Forbearance – Love
What is love? Unfortunately, despite the wide variations in what people actually mean when they use the word, they continue to rely on it as a generic label for a complex and changing set of emotions. And so, it is worthwhile to think carefully about what the Torah has in mind when it speaks to us of love.
To understand an abstract concept such as love we need to look at the specific patterns of behavior that it implies. Some behaviors are consistent with a feeling of love while others demonstrate the absence of love. Using a distinctive choice of words and phrases, Mishlei has presented us with a means to examine our own lives and relationships with regard to some aspects of what we should think of as love.
ט = מְכַסֶּה פֶּשַׁע מְבַקֵּשׁ אַהֲבָה וְשֹׁנֶה בְדָבָר מַפְרִיד אַלּוּף
(9) He who disregards an offense is a seeker of love;
but he who dwells on the matter alienates a friend.
This proverb speaks of love as a factor in how people react to each other when they say or do things that cause offense, either intended or unintended.
It begins by declaring as a sign of love the disregarding or overlooking of an offense by the loved person. Mishlei describes this reaction as being מְכַסֶּה פֶּשַׁע, “covering the sin” so that it is no longer seen. The offense has not been removed but the offended person is motivated by love not to let it intrude upon his thoughts. Instead, he dwells on the positive qualities and deeds of the loved one.
If the offended person succeeds in suppressing thoughts of the offense he is described as a מְבַקֵּשׁ אַהֲבָה, a seeker of love. This description tells us a lot about our attitude to love. It is not something that “happens” to us. We don’t wait to “fall in love.” We seek opportunites to experience love for each person with whom we have a relationship. A measure of our success in this quest is our ability to avoid harboring resentment for perceived offenses.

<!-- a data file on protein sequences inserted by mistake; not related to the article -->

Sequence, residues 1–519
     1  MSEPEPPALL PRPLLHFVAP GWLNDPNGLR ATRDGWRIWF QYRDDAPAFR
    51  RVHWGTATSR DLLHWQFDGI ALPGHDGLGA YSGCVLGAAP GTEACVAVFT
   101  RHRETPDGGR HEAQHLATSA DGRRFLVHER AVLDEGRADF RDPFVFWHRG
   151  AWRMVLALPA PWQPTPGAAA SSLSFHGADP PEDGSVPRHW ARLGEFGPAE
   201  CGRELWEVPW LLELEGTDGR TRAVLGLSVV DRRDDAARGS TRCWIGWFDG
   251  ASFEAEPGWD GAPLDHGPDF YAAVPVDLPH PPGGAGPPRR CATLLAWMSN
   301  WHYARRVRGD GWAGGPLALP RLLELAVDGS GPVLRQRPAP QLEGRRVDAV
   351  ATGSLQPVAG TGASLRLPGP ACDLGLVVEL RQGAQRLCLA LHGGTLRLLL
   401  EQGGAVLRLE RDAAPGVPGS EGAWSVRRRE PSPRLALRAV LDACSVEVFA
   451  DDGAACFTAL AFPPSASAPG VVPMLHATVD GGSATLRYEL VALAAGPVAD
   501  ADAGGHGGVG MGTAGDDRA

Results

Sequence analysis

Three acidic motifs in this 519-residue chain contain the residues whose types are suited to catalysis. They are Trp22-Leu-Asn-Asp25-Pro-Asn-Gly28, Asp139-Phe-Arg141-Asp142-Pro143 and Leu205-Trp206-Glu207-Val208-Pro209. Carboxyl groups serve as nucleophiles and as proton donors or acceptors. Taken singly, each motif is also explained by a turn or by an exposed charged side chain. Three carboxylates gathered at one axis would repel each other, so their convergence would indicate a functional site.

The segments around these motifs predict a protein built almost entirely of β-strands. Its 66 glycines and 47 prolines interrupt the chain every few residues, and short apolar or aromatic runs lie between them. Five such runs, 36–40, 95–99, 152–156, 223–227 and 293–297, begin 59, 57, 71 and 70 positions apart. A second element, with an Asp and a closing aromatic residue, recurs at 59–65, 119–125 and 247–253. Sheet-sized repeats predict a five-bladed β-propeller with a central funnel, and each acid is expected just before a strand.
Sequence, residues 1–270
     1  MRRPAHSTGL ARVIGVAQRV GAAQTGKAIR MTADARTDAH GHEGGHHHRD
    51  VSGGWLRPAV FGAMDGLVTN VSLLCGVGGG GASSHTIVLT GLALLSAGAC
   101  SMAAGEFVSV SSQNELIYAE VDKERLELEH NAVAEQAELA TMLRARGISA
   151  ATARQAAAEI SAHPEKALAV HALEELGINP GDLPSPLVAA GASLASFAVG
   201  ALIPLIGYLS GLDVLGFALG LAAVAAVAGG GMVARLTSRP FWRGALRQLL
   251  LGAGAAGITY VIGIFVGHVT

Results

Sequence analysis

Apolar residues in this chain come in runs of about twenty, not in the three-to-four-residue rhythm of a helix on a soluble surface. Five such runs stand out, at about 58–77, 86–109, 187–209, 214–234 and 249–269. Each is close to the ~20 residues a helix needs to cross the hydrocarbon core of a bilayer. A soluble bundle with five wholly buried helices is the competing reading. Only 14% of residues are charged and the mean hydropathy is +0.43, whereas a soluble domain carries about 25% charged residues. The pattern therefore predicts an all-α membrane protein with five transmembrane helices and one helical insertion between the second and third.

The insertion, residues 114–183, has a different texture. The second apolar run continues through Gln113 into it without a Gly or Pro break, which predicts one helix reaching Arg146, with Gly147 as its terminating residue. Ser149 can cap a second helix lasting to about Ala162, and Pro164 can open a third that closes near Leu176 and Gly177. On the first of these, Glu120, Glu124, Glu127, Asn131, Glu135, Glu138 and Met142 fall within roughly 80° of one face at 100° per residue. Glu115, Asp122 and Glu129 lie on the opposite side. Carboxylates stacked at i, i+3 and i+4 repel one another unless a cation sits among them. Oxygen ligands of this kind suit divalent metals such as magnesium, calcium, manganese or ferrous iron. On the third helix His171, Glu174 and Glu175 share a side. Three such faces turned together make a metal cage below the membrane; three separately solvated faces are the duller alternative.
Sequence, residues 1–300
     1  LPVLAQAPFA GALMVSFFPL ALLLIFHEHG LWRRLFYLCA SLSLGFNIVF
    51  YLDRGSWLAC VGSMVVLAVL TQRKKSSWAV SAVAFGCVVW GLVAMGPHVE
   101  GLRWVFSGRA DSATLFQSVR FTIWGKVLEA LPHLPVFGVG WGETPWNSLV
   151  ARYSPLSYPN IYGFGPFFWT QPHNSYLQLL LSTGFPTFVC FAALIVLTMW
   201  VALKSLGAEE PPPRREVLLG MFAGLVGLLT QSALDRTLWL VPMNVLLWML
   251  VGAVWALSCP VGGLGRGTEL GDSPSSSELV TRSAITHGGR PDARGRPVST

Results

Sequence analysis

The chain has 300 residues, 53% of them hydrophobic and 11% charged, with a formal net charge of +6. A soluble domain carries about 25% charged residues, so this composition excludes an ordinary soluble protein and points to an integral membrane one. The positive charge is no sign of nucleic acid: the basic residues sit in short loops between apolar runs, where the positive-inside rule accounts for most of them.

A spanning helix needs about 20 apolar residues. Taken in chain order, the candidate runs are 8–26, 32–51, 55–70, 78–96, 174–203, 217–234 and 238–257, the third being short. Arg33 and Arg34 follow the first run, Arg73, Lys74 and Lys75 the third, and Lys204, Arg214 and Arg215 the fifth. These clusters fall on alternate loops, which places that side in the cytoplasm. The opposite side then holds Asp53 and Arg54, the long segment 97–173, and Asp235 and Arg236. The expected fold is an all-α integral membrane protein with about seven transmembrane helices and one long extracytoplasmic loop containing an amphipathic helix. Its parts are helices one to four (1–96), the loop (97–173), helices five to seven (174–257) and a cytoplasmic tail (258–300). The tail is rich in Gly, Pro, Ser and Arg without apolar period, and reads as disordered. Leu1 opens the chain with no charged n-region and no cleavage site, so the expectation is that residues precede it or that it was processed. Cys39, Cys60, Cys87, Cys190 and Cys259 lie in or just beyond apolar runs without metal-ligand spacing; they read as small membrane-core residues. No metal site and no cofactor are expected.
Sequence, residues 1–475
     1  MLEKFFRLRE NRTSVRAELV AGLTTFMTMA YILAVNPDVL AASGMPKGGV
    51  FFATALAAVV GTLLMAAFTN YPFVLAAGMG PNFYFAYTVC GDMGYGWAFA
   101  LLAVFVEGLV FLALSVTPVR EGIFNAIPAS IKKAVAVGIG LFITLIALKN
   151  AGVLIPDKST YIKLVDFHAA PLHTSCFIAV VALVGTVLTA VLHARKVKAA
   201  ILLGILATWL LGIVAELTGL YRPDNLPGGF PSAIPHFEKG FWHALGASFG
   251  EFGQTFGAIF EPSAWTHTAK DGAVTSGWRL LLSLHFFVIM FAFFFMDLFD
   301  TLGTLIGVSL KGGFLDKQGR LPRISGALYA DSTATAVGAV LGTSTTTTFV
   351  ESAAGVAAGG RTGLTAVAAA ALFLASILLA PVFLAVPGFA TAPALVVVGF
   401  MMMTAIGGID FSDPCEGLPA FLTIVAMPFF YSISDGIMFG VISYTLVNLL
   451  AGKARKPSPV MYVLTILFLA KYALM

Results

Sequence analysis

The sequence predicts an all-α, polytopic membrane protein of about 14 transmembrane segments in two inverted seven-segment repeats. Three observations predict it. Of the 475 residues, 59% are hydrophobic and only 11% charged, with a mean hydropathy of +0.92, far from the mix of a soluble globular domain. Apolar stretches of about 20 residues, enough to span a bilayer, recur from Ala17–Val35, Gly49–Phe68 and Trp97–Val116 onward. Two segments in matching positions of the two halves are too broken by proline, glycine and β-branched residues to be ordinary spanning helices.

The failure of love is described by Mishlei as being שֹׁנֶה בְדָבָר, repeating or harping on an offense. The person can’t get it out of his mind. He disregards the good qualities of the other person because his thoughts are taken up by how he has been hurt by the offense. The subject of the offense is referred to as דָבָר to emphasize that an unwise or thoughtless word can causes as much hurt as any physical offense. Neverthless, the one who seeks love has learned not to dwell on it.
Mishlei describes the effect of a failure of love as being מַפְרִיד אַלּוּף, alienating a friend. By using the word מַפְרִיד, “to cause a separation”, Mishlei is teaching us that the proper goal of love should be to achieve closeness between people. Closeness implies having insight into the needs and concerns of the other person, and then reacting to that insight in a meaningful and constructive way. To the extent that love has failed, the individuals disregard each other instead of disregarding their offenses.
Mishlei refers to the loved one using the interesting word אַלּוּף, which means an individual who is “unique” and “special” (like the first letter of the aleph-beis.). To love another person is to hold him in high regard, thinking of all the special qualities that make him unique, while suppressing thoughts of his negative qualities.
The Torah commands us to love each other and to love Hashem. In practice this means to constantly and gratefully think of each other’s good qualities and kindnesses. And it means suppressing thoughts of any questions and doubts that might intefere with the purity of our regard for the one being loved. All of this requires constant thought and active attention. That is why it is a mitzvah. Every mitzvah is challenging in its own way.
(9) He who disregards an offense — מְכַסֶּה פֶּשַׁע
is a seeker of love — מְבַקֵּשׁ אַהֲבָה
but he who dwells on the matter — וְשֹׁנֶה בְדָבָר
alienates a friend — מַפְרִיד אַלּוּף
 If someone disregards an offense, he has identified himself as a seeker of love (מְכַסֶּה פֶּשַׁע מְבַקֵּשׁ אַהֲבָה). These words are reversed in Segment 10-12 to convey a similar message (וְעַל כָּל פְּשָׁעִים תְּכַסֶּה אַהֲבָה), “love covers all offenses.” This means that if a person loves another, he will be inclined to forgive every kind of offense. (מלבי”ם)
 A person who suffered an offense and keeps harping on it alienates not only the offender (אַלּוּף) but the Creator who is the אַלּוּף of the entire world. By focusing upon his own resentment rather than seeking peace he is acting in a self-centered way and is creating a separation between himself and Hashem. (רש”י)
 If a person reproaches a friend repeatedly (שֹׁנֶה בְדָבָר) he will have the opposite of the desired effect and will turn the friend into an enemy. (מלבי”ם)
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